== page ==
“It’s not purely academic”
… bringing business and research together….
Katherine has previously worked in Management Development and Organisational Learning roles across both the public and private sector, delivering higher education learning programmes to SMEs in the Heads of the Valleys and teaching at undergraduate and post graduate level at Cardiff Business School. She is currently undertaking a PhD at Cardiff University to understand more about the people in start-up organisations. Her current research interests relate to understanding more about identities within start-up organisations and she is using the Alacrity programme and our spin-out companies as the focus of her research. We are looking forward to collaborating with Katherine so that we can benefit from insights from her research. We will use these to inform our training programmes and the development of our Founders and their future companies.
Katherine has just completed a 9 month research project entitled; “I am who I say I am? – identity negotiation in an entrepreneurship development programme” with our 2018/2019 cohort, studying how an entrepreneur’s sense of who they are and who they are becoming changes during the entrepreneurial process. The research raised questions such as: what forms of rationality or logics were driving the nascent entrepreneurs’ behaviours and decision-making in constructing their identities throughout the process? and what strategies did they use to manage and negotiate who they were now and who or what they hoped to become? A summary of the key findings from the research will be posted with a response from the Alacrity team which sets out the practical implications this research has had on how we design and deliver the Alacrity programme in light of these findings. One example of which is a closer monitoring of the Founders’ changing perceptions of their personal entrepreneurial journeys. A Founder’s narrative (the story they tell of who they are), is a window into the entrepreneur’s ‘being. The Foundation assists Founders identity management strategies so that they have control of who they considered they were, they are now and who they want to be to help alleviate the stress and strain of otherwise conflicting identities, thus improving their personal well-being.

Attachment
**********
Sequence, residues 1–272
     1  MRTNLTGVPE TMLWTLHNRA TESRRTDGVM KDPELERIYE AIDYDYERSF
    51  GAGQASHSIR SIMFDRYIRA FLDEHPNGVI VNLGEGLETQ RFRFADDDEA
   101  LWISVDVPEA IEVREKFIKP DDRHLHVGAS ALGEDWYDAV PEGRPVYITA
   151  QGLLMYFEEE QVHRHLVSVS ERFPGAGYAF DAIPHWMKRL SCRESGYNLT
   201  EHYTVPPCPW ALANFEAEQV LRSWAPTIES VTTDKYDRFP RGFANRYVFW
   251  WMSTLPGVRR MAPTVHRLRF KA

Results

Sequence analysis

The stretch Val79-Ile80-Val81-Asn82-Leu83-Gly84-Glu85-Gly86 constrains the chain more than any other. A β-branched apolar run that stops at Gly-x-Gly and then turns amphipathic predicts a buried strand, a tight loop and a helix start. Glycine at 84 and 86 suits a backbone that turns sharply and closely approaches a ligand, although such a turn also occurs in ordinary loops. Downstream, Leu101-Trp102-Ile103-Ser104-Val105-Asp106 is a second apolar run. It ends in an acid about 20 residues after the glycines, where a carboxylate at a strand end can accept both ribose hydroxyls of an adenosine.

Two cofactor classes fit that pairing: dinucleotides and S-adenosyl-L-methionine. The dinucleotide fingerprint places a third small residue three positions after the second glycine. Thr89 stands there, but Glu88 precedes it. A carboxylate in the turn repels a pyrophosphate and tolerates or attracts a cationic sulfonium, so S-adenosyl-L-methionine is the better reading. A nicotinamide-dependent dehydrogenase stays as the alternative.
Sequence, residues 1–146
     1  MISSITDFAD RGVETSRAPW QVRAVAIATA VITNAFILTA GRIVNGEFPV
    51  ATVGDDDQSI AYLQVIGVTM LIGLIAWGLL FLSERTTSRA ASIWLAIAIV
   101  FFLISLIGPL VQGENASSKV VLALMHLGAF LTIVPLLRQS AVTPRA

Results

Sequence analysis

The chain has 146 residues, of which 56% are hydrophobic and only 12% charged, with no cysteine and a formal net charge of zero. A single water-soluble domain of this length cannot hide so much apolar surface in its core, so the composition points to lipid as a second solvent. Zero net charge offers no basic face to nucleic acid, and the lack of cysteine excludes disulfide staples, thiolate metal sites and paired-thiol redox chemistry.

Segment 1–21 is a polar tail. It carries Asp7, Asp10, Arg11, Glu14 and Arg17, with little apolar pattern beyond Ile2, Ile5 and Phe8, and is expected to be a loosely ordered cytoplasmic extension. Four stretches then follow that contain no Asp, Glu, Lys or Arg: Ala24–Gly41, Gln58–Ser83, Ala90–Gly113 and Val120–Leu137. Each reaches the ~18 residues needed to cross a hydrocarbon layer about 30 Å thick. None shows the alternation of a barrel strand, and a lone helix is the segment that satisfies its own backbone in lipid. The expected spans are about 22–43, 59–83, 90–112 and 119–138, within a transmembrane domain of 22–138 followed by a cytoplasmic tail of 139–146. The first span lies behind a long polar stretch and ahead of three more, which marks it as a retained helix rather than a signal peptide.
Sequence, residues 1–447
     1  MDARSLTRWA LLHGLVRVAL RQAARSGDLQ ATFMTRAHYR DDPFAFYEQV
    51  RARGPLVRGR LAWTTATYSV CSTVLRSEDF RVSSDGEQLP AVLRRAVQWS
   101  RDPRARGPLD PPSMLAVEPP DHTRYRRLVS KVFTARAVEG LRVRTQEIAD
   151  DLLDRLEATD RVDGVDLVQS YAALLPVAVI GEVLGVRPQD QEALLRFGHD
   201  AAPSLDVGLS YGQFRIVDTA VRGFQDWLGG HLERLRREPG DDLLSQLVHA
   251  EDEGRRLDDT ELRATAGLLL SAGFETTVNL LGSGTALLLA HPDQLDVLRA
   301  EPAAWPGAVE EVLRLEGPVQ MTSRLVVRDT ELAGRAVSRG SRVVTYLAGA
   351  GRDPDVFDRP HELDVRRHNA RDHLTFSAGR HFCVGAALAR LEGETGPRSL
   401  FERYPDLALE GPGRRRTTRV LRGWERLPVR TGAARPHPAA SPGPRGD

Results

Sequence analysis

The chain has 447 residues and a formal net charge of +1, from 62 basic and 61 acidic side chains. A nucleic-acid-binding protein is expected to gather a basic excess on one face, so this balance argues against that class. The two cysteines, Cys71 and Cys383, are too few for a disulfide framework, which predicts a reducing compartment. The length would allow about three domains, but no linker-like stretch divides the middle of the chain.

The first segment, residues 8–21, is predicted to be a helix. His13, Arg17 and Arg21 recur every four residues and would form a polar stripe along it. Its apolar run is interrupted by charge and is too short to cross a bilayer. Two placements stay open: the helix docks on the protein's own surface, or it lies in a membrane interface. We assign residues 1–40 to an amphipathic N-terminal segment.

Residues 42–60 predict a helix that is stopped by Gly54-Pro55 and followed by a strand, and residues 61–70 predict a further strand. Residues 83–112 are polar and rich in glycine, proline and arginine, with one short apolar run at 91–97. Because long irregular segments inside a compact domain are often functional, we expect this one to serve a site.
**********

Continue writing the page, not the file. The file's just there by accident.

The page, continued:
The Alacrity programme value this opportunity to connect academic research with reflexive practice that allows the Foundation’s Leadership Team to explore their agency in the programme, challenging the idiom “it’s purely academic” by welcoming collaboration with Cardiff Business School through this research project which can bring practical implications for how we develop start-ups at the Alacrity Foundation.
Watch this space for further insights from Katherine’s forthcoming research for her PhD project which looks at the implications on collective identity negotiation where a start-up team is built around addressing a grand societal challenge as well as her upcoming blog series responding to ‘five challenges’ we face on the Alacrity programme.
To learn more about Katherine’s current research project, please do connect via:-